So are Spanish and Italian. w:A language is a dialect with an army and navy. Ikan Kekek (talk) 22:58, 12 February 2023 (UTC)Reply[reply]
@Ikan Kekek: And with regard to your question on comments of Russians not being true Slavs, some people in Belarus and Ukraine indeed hold the view that the Russians have been "tainted" by "yellow" blood (since the Mongols occupied much of Russia for a long time) and are thus no longer "pure" white people, so they and not the Russians are thus the true pure descendants of the ancient Slavs. So you could say it's a manifestation of the fear of the yellow peril. The dog2 (talk) 00:06, 13 February 2023 (UTC)Reply[reply]
My position would be that we don't need to mention every kind of stupid bullshit someone might say in their home country. If you travel to another country and insult the people there, you are an idiot, and nothing we could say could cure idiocy. Ikan Kekek (talk) 00:22, 13 February 2023 (UTC)Reply[reply]

Russia: photographs[edit]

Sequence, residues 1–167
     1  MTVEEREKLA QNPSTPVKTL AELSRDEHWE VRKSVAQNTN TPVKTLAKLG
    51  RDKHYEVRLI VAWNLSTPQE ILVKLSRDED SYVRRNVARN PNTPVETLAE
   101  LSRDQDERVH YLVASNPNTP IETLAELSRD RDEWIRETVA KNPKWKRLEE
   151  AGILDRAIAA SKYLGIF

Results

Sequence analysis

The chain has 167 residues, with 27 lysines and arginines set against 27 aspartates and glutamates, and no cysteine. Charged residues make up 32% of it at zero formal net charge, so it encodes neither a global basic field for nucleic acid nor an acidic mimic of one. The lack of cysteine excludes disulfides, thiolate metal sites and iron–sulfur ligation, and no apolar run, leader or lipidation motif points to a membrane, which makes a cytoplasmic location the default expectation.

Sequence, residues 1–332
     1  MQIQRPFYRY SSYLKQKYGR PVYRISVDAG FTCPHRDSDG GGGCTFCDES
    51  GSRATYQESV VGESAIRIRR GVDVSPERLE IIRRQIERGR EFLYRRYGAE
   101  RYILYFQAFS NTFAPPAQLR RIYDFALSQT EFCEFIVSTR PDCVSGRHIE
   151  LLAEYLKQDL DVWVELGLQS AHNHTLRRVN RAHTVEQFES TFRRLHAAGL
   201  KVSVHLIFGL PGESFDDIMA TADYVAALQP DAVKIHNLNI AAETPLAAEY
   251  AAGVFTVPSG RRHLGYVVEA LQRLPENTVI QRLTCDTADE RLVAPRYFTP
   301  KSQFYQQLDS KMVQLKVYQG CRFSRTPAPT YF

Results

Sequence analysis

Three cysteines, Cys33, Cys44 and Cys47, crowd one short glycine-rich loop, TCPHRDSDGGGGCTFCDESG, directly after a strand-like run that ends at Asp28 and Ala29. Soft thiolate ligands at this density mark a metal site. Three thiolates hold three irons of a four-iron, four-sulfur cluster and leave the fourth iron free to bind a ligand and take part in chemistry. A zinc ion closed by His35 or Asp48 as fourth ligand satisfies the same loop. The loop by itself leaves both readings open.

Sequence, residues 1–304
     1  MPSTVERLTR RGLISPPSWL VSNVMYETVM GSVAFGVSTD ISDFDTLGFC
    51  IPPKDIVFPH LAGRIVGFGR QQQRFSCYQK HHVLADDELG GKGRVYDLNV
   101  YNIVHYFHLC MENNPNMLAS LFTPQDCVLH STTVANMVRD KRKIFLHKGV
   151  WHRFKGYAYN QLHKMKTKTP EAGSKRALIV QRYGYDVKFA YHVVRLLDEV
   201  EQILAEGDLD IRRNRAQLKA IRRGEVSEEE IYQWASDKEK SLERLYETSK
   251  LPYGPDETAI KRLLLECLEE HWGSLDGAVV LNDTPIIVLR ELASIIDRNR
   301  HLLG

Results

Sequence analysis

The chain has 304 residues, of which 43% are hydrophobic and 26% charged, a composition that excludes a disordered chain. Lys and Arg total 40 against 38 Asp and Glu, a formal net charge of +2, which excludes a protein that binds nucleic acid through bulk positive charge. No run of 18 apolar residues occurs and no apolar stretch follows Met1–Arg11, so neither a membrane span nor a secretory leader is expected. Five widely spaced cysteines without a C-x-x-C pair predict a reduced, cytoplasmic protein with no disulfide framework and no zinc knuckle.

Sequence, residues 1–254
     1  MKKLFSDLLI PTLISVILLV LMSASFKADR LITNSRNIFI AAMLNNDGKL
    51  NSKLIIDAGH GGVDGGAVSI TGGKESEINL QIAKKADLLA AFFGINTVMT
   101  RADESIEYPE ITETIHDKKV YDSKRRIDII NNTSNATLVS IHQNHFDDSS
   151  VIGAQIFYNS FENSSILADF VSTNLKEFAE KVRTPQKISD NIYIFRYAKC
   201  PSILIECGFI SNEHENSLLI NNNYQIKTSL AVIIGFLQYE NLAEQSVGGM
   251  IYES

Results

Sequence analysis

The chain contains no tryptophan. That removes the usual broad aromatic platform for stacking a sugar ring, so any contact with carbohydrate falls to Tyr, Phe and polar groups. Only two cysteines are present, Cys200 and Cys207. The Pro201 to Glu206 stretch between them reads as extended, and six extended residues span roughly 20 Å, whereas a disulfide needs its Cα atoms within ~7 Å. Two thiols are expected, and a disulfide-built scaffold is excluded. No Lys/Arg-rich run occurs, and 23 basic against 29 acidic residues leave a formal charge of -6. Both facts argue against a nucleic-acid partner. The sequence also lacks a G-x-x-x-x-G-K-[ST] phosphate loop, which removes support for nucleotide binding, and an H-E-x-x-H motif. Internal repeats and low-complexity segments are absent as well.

Sorry for writing in Russian =). Добрый день! Хотел заменить фотографию File:Киришский НПЗ, Россия, Ленинградская область.jpg, но не нашёл хорошего аналога. Хотел на File:Moscow 05-2017 img47 Refinery.jpg, да как-то получается две подряд фотографии Москвы. Думал добавить про Горьковский автомобильный завод, но не нашёл таких захватывающих фотографий...А вообще хотел заменить, потому что фотографий Санкт-Петербурга и Ленинградской области в статье перебор. Если File:Winter Palace Panorama 4.jpg, File:Swan Lake at the Alexandrinsky Theatre.jpg, File:Narva vs Ivangorod.jpg и File:Grand Cascade of Peterhof 01.jpg я бы оставил как очень нужные и качественные (вместо с той уже это 5 фотографий!). Понятно что статью Russia правил и правит участник LPfi из Финляндии, ему конечно, Петербург географически и по другим параметрам гораздо ближе, чем какая-то Москва =) ...Но мне, как настоящему москвичу, видится, что фотографий из СПб и области просто дофига. Буду благодарен, если найдёте какие-то интересные замены этим фотографиям. Особенно фото про кораль StPeterLine (такой ещё есть в РФ?), Mariinsky Theatre, File:The Church of the Nativity of St John the Baptist.jpg и File:Icon Kazan cathedral.JPG. В сумме уже это 10 фотографий! Кстати, "моей" Москвы вообще в статье мало: две фотографии МГУ и ГУМа + добавил ещё фотографию по траффику, но из неё вообще неясно, что это Москва. Хотел фотографию банкоматов добавить, но что-то потерял у себя. Спасибо! Brateevsky (talk) 11:13, 23 March 2023 (UTC)Reply[reply]